One thing consumers rarely realize is that all of our banks are lending money to each other every night. Banks are legally required to maintain a certain percentage of their deposits in non-interest-bearing accounts at the Federal Reserve to ensure they have enough money to cover any withdrawals that may unexpectedly come up. However, deposits can fluctuate and it's very common for some banks to exceed the requirement on certain days while some fall short. In cases like this, banks actually lend each other money to ensure they meet the minimum balance. It's a bit hard to imagine these multibillion-dollar financial institutions needing to borrow money to tide them over for a bit, but it happens every single night at the Federal Reserve. It's also a nice deal for those with balances above the reserve balance requirement to earn a bit of money with cash that would normally just be sitting there.

The Federal Reserve The Federal Reserve


The exact interest rate the banks will charge each other is a matter of negotiation between them, but the Federal Open Market Committee (FOMC) (the arm of the Federal Reserve that sets monetary policy) meets eight times a year to set a target rate. They evaluate a multitude of economic indicators including unemployment, inflation, and consumer confidence to decide the best rate to keep the country in business. The weighted average of all interest rates across these interbank loans is the effective federal funds rate.

This rate has a huge impact on the economy overall as well as your personal finances. The federal funds rate is essentially the cheapest money available to a bank and that feeds into all of the other loans they make. Banks will add a slight upcharge to the rate set by the Fed to determine what is the lowest interest that they will announce for their most creditworthy customers, also known as the prime rate. If you have a variable interest rate loan (very common with credit cards and some student loans), it's likely that the interest rate you pay is a set percentage on top of that prime rate that your lender is paying. That's why in times of low interest rates (it was set at 0% during the Great Recession), a lot of borrowers should go for fixed interest rate loans that won't increase. However, if the federal funds rate was relatively high (it went up to 20% in the early 1980's), a variable interest rate loan may be a better decision as you would be charged less interest should the rate drop without the need to refinance.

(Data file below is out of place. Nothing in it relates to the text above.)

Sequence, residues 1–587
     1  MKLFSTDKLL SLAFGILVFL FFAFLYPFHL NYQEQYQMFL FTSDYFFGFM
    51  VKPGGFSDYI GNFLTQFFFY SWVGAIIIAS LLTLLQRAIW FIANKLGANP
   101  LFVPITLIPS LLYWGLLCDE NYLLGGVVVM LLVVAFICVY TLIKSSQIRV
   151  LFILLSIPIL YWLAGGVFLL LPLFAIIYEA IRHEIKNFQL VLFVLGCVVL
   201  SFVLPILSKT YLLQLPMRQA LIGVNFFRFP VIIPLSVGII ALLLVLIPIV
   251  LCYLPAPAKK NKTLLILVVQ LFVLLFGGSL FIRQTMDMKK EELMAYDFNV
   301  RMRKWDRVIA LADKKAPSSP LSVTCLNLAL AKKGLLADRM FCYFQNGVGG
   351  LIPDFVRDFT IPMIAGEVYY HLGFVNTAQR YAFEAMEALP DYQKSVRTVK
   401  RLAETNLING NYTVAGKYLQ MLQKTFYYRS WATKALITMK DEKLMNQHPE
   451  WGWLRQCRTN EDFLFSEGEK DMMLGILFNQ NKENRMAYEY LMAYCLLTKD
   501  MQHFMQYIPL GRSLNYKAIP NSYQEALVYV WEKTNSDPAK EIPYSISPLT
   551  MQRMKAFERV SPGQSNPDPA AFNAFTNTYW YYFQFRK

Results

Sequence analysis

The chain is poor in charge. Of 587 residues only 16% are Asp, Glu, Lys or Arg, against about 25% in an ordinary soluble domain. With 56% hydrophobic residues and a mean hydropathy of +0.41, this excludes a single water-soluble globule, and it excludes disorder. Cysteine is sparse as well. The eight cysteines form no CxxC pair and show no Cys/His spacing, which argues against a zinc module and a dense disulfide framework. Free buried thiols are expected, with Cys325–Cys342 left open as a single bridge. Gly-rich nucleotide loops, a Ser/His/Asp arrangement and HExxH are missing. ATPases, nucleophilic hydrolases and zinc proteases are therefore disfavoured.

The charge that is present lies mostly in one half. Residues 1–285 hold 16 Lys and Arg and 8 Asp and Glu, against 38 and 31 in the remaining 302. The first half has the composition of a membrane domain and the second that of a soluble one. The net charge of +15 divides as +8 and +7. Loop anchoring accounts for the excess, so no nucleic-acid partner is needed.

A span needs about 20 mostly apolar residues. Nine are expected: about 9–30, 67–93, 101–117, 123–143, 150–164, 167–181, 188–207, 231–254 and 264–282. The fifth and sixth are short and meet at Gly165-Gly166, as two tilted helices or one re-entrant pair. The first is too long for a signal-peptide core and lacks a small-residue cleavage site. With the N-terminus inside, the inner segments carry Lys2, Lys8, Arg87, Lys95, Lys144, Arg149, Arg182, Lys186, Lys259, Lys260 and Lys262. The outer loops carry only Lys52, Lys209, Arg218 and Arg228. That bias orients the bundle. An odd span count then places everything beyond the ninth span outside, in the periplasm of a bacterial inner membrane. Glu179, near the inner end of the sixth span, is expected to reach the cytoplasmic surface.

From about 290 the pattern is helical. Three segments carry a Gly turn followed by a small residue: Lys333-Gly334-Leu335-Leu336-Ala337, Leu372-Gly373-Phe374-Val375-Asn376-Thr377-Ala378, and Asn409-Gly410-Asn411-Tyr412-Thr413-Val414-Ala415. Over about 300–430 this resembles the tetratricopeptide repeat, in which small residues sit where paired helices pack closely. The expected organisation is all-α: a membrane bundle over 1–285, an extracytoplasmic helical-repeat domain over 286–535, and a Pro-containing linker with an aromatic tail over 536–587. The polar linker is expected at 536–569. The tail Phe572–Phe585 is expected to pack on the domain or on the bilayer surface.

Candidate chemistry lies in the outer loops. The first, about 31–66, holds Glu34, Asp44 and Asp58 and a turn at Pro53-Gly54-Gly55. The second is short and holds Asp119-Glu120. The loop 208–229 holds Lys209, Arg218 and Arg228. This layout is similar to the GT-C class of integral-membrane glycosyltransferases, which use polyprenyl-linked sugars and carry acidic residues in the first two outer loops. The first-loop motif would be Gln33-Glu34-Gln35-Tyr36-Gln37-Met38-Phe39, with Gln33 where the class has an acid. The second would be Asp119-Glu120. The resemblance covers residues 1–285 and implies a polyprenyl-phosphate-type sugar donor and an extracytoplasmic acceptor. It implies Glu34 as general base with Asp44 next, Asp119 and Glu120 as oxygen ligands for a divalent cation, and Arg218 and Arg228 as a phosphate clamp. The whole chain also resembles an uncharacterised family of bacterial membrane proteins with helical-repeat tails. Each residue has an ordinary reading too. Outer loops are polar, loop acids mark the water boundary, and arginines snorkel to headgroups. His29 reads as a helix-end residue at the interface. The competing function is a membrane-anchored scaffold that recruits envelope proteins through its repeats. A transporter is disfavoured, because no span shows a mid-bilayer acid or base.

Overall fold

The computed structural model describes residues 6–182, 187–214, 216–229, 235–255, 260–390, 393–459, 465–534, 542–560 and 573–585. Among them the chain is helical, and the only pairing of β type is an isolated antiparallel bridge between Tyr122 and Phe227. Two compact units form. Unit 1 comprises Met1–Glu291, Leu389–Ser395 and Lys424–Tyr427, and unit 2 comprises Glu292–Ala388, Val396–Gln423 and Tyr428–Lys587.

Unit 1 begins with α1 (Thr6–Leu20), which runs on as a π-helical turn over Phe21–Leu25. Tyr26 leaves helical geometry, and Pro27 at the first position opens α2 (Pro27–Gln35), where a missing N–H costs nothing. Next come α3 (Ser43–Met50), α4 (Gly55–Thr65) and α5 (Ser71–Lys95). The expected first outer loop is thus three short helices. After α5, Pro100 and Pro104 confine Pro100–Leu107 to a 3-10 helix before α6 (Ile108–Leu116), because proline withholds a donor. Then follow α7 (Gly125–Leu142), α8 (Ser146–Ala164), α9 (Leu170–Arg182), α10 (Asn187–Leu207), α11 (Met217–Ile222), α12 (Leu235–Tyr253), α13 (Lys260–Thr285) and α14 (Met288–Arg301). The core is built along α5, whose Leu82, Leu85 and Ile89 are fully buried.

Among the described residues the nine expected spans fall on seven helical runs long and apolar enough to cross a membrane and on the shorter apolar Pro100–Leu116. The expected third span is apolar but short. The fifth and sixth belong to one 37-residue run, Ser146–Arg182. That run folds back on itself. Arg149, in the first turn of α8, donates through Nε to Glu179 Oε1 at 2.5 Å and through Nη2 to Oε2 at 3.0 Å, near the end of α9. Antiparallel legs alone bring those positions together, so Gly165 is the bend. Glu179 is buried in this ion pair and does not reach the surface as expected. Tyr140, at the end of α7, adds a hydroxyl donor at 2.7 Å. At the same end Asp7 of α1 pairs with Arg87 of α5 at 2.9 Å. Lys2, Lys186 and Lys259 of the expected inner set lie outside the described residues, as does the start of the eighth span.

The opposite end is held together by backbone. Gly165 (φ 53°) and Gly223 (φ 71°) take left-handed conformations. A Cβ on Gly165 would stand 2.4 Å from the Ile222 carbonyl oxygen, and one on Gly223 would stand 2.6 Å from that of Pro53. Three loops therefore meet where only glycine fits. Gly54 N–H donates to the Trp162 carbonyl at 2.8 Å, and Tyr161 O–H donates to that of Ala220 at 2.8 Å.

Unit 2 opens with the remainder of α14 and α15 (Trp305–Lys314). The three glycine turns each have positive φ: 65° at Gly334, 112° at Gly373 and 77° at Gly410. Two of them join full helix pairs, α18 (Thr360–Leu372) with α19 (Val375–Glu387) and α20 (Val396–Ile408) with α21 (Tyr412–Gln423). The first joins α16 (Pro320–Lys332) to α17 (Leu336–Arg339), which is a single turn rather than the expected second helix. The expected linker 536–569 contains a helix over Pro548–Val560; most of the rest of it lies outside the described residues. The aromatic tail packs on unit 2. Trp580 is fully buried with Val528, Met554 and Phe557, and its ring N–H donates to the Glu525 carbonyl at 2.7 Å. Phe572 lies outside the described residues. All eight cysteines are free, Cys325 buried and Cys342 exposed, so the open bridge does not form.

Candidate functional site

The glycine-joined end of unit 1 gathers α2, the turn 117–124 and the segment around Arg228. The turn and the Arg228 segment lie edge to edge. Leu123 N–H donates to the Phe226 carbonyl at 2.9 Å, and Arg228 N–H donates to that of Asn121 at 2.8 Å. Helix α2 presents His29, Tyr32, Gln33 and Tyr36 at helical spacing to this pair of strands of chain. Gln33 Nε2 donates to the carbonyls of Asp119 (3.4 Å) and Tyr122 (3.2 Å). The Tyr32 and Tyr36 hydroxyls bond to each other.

The federal funds rate also has a major impact on your investment portfolio. The stock market reacts very strongly to any changes in interest rates from the Federal Reserve, as a lower rate makes it cheaper for companies to borrow and reinvest while a higher rate may restrict capital and slow short-term growth. If you have a significant portion of your investments in equities, a small change in the federal funds rate can have a large impact on your net worth.

Getty Images/Maria Stavreva

Whether you're leaving a job involuntarily, departing for something new, or just want to prepare for the unknown, it is smart to understand all your options regarding your 401k.

Keep reading Show less

diy gifts

Frugal gifting often gets a bad reputation. However, this shopping method does not make you cheap — it makes you practical. Frugal gifts often avoid waste and overspending and can be just as meaningful (if not more so) as any other present.

With the National Retail Federation predicting each consumer this holiday season to spend upwards of $1,000 on holiday gifts amidst an economic recession —this year might be the perfect time to reconsider your spending budget. We've formulated the ultimate list of frugal gift-giving ideas to get you started.

Keep reading Show less